The sharp turnround in these policy measures will probably take growth well below its 2 per cent trend rate by end 2019. This slowdown, however, is a healthy development, given the concerns about severe overheating in the labour market.

The Eurozone and UK: The outlook here is quite hard to judge. Growth has already slowed sharply in 2018, reflecting adverse weather and a waning of monetary policy support, compared to last year. There were tentative signs of improvement around mid year, but Germany has been severely knocked off course by the change in emissions regulation in the car industry, causing a large new setback in business surveys in October. Meanwhile, Italy has been dented by the budget crisis this autumn.

Nevertheless, business and consumer confidence remain fairly robust, and the labour market is strengthening. The ECB is confident that underlying growth remains firmly around trend, and that seems like a sensible estimate for next year.

The UK, however, has been growing well below trend and is very vulnerable to a Brexit shock next spring.

China: This is where the downside risks seem most severe. The Chinese nowcast dropped sharply in October, following many months when it was fairly solid in the face of deteriorating news commentary.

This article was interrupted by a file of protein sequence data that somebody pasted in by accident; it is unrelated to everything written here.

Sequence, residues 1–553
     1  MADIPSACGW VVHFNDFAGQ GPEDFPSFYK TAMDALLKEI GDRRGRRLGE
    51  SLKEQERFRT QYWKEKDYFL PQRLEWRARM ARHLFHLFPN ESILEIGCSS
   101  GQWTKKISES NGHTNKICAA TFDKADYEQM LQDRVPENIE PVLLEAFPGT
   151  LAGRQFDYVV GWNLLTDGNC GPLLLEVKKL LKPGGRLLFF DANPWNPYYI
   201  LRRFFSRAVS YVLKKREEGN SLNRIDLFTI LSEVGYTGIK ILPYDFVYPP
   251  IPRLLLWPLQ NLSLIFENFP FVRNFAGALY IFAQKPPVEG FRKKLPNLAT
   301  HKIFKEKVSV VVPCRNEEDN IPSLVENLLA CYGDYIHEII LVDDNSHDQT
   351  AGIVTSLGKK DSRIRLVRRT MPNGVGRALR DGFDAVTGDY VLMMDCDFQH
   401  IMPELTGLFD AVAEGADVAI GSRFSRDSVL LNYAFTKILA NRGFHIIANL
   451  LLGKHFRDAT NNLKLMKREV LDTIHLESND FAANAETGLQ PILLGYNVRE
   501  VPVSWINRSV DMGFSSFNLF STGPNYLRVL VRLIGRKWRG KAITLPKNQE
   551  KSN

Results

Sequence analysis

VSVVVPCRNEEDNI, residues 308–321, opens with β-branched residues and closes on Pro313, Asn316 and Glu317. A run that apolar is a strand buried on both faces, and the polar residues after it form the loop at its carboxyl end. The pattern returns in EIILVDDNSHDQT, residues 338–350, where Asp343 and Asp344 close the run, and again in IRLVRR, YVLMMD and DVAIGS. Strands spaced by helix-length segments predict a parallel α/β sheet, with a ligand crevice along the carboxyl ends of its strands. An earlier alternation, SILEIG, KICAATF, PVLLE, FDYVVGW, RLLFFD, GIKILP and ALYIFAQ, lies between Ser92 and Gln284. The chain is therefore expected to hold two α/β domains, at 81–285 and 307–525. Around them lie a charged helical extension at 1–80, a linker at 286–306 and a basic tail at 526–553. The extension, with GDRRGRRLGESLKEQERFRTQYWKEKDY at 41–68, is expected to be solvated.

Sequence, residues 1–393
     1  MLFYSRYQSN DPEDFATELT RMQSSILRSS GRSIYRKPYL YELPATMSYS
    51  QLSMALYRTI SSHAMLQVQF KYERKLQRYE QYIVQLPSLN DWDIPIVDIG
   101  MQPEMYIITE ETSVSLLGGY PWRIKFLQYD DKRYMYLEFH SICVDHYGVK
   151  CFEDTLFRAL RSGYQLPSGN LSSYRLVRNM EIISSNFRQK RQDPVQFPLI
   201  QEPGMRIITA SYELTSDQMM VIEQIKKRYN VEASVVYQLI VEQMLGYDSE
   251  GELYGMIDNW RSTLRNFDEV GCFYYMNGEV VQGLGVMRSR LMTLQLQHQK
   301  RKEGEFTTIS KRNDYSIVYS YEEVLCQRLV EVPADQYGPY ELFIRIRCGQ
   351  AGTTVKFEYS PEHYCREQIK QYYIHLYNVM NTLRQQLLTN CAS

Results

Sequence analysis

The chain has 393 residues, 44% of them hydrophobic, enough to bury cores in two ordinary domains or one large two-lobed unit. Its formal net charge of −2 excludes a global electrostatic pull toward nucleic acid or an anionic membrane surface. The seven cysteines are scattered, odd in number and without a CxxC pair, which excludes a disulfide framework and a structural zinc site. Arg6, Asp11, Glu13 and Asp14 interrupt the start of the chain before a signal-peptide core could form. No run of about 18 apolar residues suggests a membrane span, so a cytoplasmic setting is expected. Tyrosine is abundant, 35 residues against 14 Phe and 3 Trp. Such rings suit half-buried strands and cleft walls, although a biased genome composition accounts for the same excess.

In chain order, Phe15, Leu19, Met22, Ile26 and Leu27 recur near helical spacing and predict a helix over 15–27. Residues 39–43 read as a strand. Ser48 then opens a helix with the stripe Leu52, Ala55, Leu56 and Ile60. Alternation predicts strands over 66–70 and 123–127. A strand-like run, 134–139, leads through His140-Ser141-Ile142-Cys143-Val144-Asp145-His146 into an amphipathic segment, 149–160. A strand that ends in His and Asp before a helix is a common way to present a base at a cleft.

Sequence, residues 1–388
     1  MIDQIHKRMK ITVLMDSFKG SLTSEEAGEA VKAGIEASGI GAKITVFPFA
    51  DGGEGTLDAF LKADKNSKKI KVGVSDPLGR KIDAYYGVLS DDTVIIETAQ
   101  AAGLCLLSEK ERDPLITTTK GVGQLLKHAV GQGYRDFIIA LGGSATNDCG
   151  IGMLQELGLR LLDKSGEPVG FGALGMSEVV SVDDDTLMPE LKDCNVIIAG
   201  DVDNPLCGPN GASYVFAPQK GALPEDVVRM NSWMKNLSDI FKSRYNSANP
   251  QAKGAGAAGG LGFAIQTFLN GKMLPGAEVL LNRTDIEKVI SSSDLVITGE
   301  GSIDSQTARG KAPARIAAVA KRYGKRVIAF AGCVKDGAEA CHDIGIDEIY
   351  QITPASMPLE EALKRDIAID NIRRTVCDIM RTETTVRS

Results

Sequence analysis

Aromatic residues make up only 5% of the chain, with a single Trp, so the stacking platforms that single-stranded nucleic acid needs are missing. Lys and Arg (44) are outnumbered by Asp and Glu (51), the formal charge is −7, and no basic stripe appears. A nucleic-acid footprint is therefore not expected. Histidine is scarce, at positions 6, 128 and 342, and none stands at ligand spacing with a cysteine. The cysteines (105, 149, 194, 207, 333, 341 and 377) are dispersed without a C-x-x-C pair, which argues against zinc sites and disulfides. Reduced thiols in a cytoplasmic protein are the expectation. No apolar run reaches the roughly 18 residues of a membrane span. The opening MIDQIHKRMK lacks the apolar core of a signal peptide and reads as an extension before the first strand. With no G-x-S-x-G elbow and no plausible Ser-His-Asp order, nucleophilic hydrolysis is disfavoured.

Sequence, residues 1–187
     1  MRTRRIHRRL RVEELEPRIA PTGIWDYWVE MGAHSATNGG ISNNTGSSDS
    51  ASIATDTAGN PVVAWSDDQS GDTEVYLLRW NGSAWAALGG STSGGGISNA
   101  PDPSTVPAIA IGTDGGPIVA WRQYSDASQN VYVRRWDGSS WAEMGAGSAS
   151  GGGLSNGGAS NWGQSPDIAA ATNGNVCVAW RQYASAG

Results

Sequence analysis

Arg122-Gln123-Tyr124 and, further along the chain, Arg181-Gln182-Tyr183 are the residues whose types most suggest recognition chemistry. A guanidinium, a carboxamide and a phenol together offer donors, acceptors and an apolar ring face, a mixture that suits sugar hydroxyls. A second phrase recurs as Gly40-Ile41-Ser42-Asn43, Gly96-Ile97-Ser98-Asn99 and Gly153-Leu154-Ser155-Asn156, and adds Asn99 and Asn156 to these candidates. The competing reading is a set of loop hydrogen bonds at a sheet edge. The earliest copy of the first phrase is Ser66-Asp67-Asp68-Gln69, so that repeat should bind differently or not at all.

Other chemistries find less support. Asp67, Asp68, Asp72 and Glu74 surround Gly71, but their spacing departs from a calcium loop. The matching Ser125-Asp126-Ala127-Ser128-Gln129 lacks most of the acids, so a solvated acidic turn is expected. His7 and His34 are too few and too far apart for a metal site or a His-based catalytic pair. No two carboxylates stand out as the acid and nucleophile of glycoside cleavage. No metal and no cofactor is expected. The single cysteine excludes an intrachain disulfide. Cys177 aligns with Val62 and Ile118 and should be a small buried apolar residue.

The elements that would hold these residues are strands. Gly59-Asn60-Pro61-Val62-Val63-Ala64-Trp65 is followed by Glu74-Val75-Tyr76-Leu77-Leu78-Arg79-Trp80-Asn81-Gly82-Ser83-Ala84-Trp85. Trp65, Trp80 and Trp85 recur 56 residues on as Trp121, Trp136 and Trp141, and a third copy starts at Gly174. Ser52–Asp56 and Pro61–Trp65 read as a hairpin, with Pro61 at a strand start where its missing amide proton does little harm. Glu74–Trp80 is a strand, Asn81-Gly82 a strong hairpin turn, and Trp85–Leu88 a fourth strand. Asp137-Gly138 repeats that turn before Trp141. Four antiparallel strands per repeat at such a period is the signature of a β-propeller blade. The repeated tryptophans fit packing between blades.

This weakening has coincided with an increase in trade threats from Washington, and the politburo has now admitted that the economy is being affected by “external forces”. They now seem ready to act more aggressively to boost private sector activity, following the moderate easing in monetary policy and the decline in the exchange rate around mid year.

The latest policy statements place less emphasis on deleveraging and more on boosting private infrastructure spending than earlier announcements, and this should show up in monetary and other activity data before year end. However, the outlook for 2019 also depends on whether Presidents Trump and Xi can move towards detente on trade policy, as hinted by their latest telephone discussions ahead of the G20 Summit this month.

A bad outcome on trade could knock more than a percentage point off Chinese growth next year, making it much harder for domestic policy to fill the gap.

The Global Economy: A significant slowdown in the US looks likely, but this should be offset by a rebound in the Eurozone, China and Japan after temporary hits to growth dissipate, and Chinese policy easing takes effect. Growth may be around trend in 2019, slightly higher than the latest nowcast.

The risk of an outright recession remains moderate, at least in the absence of self-feeding shocks in the financial markets.




 The global economy in four key graphs

The latest monthly report on global economic activity from the Fulcrum nowcast models is attached here.

Main points: